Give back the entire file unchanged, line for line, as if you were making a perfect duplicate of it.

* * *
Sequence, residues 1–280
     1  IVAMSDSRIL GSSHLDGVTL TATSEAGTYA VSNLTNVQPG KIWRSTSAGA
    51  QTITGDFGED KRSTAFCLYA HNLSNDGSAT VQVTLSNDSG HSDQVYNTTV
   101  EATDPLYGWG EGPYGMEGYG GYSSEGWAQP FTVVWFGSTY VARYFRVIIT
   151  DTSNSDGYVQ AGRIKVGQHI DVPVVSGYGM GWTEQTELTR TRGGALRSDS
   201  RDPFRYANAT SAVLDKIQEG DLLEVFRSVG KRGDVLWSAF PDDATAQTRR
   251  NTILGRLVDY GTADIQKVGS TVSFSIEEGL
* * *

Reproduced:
Sequence, residues 1–280
     1  IVAMSDSRIL GSSHLDGVTL TATSEAGTYA VSNLTNVQPG KIWRSTSAGA
    51  QTITGDFGED KRSTAFCLYA HNLSNDGSAT VQVTLSNDSG HSDQVYNTTV
   101  EATDPLYGWG EGPYGMEGYG GYSSEGWAQP FTVVWFGSTY VARYFRVIIT
   151  DTSNSDGYVQ AGRIKVGQHI DVPVVSGYGM GWTEQTELTR TRGGALRSDS
   201  RDPFRYANAT SAVLDKIQEG DLLEVFRSVG KRGDVLWSAF PDDATAQTRR
   251  NTILGRLVDY GTADIQKVGS TVSFSIEEGL